The Calmness Institute

By James Fowler

Contact with the stressful outside world is forbidden. Cell phones must be surrendered upon registration. Anyone caught with a prohibited device is quietly but firmly escorted from the premises. Guests liken the place to a monastery, or a correctional facility that actually corrects.

To assist detachment from the 24-hour cycle, guests are taught to approach the day’s headlines as they would old news, or to see themselves as visitors to a foreign country, in it but not of it. Home is elsewhere.  

The futility of worry is emphasized. If/then thinking should replace it. If dreaded x does happen, then y might be done in response. Guests list their anxieties on one page, then contingent plans to address them on another. The first page is burned to ash. Then, since only thirty percent or so of fears materialize, most of the second page is torched. 

With no television, radio, or books, there are few distractions from the business of re-centering on the biome’s respiratory cycle. Located in Sun Valley, Nevada, a semi-arid zone, the Institute features gardens of colorful succulents in pea-gravel beds, helpful companions as guests learn to breathe with their surroundings. Thin streams trickle through the beds, soothing, symbolic.

Before this stage, however, de-stressing must occur. Various treatments are available.

The anxiety peel, though it sounds depilatory, does not involve sticky strips or caustic chemicals. Rather, it gently removes layers of worry through sensory laving. Indigenous flutes speak of the earth’s deep healing powers. Teenaged children aspiring only to become online celebrities blend into the encompassing aroma of sandalwood. Eagle feathers open vistas beyond the common grind. It seems possible, just possible, that all manner of things shall be well after all.

The Institute does not go in for crystal nonsense or astrological claptrap. It does, however, serve endorphin shakes, cytokine bars, and oxytocin tapas.

In Human-Bloom class, guests wear leotards across the color spectrum and form group designs under the guidance of an award-winning choreographer. Like a choir director who can coax impressive choral effects from average singers, she works wonders with all body types. “Remember always you are part of a larger pattern,” she instructs.

For those in need of more dire unburdening, there is the cryogenic soak, simulating the effects of a near-death experience. Guests report floating out of themselves, looking down on the exquisite human-bloom shapes, and being met by their best friend from childhood, who has brought along their favorite pet. Upon returning, they shed cold tears of joy.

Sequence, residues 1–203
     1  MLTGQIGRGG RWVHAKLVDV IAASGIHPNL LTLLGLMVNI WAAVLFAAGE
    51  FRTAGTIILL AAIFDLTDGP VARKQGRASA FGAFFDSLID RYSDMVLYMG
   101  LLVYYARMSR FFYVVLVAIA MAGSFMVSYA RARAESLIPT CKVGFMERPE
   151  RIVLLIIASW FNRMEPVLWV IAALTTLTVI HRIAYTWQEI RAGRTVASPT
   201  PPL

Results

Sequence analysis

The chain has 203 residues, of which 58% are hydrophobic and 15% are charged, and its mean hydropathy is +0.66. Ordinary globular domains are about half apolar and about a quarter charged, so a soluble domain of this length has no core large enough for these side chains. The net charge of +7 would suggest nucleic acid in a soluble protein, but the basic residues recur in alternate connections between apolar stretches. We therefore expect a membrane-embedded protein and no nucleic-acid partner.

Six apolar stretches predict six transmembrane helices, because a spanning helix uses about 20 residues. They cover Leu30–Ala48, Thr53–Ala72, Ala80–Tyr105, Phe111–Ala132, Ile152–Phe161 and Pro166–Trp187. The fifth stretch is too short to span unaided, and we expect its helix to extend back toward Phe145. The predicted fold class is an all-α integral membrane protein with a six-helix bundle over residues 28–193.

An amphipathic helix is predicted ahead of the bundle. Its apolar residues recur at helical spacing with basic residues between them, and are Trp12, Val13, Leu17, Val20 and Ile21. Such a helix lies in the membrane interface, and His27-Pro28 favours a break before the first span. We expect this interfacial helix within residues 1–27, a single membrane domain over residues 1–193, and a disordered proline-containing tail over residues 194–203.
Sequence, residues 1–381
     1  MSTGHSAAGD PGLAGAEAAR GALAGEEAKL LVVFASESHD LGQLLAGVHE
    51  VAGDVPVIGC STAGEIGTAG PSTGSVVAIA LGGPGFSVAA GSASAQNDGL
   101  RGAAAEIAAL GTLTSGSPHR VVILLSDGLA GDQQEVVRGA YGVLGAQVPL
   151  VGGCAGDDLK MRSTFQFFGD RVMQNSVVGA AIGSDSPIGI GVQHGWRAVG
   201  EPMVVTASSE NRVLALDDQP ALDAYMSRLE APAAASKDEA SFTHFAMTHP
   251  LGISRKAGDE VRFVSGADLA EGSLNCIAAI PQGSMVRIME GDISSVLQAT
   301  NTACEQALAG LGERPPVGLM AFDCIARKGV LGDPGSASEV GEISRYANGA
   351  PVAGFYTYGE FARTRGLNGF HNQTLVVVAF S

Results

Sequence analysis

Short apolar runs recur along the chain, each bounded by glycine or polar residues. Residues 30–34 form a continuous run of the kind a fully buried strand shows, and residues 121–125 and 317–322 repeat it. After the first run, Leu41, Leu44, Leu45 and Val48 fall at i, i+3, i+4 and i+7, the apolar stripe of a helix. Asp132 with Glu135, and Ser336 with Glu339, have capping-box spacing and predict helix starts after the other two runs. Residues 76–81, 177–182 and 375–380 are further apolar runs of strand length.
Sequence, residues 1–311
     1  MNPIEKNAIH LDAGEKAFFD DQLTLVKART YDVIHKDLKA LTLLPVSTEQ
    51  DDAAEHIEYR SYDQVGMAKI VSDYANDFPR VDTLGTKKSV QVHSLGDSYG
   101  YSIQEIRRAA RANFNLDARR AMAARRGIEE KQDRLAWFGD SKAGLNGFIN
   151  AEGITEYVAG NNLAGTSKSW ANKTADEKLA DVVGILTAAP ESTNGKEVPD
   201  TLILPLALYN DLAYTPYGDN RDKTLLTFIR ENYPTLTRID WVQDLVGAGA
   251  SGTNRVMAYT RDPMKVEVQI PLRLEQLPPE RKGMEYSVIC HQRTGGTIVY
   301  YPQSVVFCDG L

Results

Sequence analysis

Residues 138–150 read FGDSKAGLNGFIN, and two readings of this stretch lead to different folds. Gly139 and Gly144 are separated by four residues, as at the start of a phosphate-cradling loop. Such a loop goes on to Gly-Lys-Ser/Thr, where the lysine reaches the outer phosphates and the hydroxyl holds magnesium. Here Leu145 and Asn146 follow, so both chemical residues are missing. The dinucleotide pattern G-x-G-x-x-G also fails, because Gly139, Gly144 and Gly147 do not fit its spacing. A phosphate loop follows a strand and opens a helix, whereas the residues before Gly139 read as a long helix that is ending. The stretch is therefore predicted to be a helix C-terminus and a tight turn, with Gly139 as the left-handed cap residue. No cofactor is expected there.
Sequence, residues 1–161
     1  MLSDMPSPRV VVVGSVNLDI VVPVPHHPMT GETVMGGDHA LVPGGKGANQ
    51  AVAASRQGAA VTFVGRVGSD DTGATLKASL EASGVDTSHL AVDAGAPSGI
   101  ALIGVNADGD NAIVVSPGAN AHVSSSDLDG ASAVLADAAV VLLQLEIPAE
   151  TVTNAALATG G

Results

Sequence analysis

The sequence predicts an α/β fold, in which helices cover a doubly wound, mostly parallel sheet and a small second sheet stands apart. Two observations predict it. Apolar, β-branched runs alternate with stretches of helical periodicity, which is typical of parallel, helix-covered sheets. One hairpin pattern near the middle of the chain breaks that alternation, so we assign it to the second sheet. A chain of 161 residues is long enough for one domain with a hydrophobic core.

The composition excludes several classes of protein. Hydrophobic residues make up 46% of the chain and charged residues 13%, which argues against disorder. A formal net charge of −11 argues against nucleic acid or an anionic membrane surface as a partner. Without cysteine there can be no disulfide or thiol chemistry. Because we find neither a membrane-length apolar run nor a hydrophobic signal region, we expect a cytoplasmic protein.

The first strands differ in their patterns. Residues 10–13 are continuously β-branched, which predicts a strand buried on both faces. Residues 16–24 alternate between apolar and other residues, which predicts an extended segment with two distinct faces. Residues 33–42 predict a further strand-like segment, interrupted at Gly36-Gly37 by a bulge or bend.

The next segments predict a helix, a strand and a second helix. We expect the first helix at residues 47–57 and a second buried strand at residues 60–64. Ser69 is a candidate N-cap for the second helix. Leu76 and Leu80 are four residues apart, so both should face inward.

Nesh-Nesh the baby elephant is a formally trained massage therapist, able to work out the hardest knots from necks, shoulders, and backs. Further, she can squeeze all the toxic air from obstructed lungs without collapsing them. Guests find her a worthy successor to Lola the rolfing bear.

Hardcore neurotics must place a dollar token in the worry jar every time they are caught fretting. The money goes toward treats for Nesh-Nesh.

Trails among ponderosa pine and scrub on the ridges flanking the valley seem more remote than they are. Warm breezes do that soughing thing through the branches as vestiges of tension waft off strolling bodies in nearly visible wisps.

After several nights guests marvel how sound and unbroken their sleep is. Have their bladders been disciplined by the prebiotic/probiotic regimen? Or has a neural purge been effected, so that their formerly troubled brains no longer feel compelled to wake them for a 3 a.m. chat?

“Not just a day spa,” the Institute declares, “but a path to a new day.” During advanced Into-the-Blue sessions, participants learn how to clear-sky their un-clouding minds.   

At departure each guest receives a palm-sized river stone that fits snugly in a pocket and can be rubbed at the first sign of agitation. Its power is simply natural. The river is everywhere. 

                                                            *   *   *


James Fowler teaches literature at the University of Central Arkansas. He is author of the poetry collection The Pain Trader (Golden Antelope Press, 2020). His literary essays have appeared in ANQ, Children’s Literature, POMPA, and The Classical Outlook; his personal essays in Southern Cultures, Cadillac Cicatrix, Quirk, and Under the Sun; his short fiction in such journals as Red Planet Magazine, Rathalla Review, the Southern Review, Chiron Review, and Elder Mountain; and his poems in such publications as The Poetry of Capital, Futures Trading Magazine, Transference, Fleas on the Dog, Aji Magazine, Evening Street Review, Dash, and Cave Region Review. 


Leave a Reply